When at home, we speak English, but in public, as much as possible, I try to speak Dutch which just means that I’m damn good at ordering a cup of coffee and buying my train ticket at the kiosk – when I travel the use of Dutch explodes quite a bit between the hotel / commute / airport.
When we first moved to the Netherlands seven years ago I used to get headaches because my brain would try to serve up Japanese as my second language instead of going straight to Dutch. Every time I’d try to practice, my brain would translate Dutch to Japanese to English and back again.
For about six months.
One day I woke up and the Japanese was gone.
Like, GONE gone.
Whenever I’d try to think of some common phrase, my brain gave me Dutch.
But then we had kids and I really want them to be familiar with some Japanese, so I started re-learning via Duolingo. And also, because my partner and our three children are Swedish, I thought now would be a great time to fold in Swedish as well.
So every day I complete at least one module of all three languages within the app, never imagining there would be a situation when I used more than two languages within a short period of time.
In a surreal twist of something, there was a rather large tour from Japan on the ass o’clock in the morning flight from AMS to PRG and most of them spoke not a single word of English, but, somehow, one of them had been assigned to the emergency row right behind me, so when the steward came and asked if everyone could speak English, she shook her head no.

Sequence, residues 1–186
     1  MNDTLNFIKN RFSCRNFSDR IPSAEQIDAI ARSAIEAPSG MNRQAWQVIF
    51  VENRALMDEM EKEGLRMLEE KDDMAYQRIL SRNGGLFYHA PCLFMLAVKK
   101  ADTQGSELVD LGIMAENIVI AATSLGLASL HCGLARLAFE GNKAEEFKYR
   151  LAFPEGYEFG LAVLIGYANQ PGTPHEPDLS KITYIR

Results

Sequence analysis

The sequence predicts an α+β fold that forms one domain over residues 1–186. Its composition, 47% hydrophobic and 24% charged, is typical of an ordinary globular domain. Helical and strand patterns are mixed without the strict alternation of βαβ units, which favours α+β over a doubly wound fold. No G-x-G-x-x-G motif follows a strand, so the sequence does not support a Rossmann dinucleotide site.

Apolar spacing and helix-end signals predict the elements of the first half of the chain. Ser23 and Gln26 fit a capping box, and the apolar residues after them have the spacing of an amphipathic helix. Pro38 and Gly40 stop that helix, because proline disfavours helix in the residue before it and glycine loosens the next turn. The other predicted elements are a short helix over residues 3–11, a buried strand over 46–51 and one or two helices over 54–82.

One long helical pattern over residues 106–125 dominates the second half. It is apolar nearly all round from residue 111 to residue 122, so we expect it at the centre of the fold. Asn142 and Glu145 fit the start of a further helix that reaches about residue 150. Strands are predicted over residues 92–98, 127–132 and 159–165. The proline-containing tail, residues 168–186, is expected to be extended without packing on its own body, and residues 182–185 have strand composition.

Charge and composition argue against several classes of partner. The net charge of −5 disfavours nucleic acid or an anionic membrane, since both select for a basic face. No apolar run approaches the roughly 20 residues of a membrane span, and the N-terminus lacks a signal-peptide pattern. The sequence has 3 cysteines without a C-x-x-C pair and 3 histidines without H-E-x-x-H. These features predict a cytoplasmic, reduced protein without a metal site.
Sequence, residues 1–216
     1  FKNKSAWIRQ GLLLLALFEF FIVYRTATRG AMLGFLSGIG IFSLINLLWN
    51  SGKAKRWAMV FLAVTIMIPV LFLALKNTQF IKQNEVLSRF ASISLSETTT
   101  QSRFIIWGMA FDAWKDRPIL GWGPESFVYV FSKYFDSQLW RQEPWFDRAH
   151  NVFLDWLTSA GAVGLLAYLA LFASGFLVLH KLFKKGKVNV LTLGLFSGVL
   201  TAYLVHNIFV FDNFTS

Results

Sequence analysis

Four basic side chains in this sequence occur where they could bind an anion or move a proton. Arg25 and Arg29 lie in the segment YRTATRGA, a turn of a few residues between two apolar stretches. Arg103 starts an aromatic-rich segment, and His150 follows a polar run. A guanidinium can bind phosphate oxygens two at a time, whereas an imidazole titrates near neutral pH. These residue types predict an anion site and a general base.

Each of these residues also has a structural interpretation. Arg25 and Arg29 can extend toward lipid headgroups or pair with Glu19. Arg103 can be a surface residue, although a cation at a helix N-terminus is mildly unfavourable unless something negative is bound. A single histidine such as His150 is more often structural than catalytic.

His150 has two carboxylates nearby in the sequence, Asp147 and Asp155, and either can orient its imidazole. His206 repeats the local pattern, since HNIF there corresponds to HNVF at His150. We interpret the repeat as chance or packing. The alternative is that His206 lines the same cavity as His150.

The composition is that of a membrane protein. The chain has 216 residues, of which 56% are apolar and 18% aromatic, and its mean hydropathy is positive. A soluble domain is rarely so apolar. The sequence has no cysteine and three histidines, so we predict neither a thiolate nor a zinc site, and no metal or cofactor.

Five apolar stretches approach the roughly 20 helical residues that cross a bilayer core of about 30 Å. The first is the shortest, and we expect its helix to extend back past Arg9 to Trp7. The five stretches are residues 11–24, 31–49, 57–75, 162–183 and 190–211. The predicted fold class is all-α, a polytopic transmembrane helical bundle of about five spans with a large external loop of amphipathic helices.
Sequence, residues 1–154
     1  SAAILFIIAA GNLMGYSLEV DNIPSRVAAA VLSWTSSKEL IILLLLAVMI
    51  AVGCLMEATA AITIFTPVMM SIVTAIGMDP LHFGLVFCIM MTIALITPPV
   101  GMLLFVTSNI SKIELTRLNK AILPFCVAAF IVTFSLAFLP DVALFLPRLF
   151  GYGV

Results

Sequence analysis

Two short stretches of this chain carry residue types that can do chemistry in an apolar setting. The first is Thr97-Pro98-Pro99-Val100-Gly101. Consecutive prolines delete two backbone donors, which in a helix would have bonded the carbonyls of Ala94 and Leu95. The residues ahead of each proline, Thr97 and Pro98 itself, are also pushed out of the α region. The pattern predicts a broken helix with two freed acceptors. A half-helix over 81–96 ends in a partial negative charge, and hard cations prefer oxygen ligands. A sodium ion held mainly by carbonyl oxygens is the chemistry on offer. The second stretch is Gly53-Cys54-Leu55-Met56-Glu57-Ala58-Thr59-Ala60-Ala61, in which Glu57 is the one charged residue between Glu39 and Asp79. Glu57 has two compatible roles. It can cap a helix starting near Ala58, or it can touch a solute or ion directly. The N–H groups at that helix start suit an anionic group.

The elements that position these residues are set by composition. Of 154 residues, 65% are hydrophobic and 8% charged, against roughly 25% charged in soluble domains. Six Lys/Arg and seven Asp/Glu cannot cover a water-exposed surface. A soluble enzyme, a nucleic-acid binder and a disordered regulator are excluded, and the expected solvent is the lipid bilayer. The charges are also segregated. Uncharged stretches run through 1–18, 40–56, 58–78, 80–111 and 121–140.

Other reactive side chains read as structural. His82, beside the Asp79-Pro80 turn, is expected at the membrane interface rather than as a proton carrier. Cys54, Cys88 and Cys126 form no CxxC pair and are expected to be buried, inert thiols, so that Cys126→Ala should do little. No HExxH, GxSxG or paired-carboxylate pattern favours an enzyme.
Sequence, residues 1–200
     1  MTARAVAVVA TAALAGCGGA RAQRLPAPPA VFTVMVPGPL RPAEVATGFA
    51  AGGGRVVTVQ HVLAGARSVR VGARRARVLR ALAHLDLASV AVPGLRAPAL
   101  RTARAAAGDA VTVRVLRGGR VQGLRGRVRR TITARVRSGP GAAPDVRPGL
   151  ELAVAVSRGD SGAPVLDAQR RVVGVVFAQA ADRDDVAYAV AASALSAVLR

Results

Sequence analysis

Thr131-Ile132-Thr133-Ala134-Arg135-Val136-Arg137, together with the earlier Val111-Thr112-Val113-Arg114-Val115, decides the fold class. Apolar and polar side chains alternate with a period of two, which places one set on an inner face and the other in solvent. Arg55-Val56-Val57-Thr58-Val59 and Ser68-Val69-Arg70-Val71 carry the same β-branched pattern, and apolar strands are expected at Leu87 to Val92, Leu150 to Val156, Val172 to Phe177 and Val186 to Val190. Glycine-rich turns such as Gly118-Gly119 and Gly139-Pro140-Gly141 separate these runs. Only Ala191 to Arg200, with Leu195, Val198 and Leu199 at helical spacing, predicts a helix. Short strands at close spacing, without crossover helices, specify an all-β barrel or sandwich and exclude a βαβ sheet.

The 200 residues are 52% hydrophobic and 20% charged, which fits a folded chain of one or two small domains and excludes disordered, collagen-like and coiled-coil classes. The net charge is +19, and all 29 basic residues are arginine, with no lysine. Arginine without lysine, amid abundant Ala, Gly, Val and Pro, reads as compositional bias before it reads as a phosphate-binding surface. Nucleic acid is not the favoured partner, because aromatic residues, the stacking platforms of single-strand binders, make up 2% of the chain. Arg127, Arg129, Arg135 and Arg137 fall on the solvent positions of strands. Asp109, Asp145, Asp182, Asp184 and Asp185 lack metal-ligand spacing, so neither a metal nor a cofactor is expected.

Quickly, I rose my hand with one finger up (very Dutch) and said, “I speak English. And Japanese.”
And then I turned and asked the Japanese woman, “英語がわからない?” to which she shook her head negative again. Turning to the steward, I confirmed, “No, she doesn’t understand English at all.”
I offered my seat with apologies for the smaller leg room:
And then explained that my grandmother is Japanese, “私の祖母は日本人です。”
Over the course of the rest of the flight, though, I spoke a bit more Dutch to order a sandwich and a cup of tea and say thank you and good bye to the flight crew and then I’m off, picking up my baggage, tracking down local currency, arranging a seat to the train station, and finding a coffee.
I ordered and paid and absolutely couldn’t think of how to say “thank you” despite several business trips to Brno.
“Děkuji”, the waitress reminded me.
“Ah, yes, děkuji. I should know that. Děkuji.”
So I’ve used four languages so far today and part of me really hopes a Swedish family comes along so that I’ll have the chance to haltingly say, “jag talar inte svenska”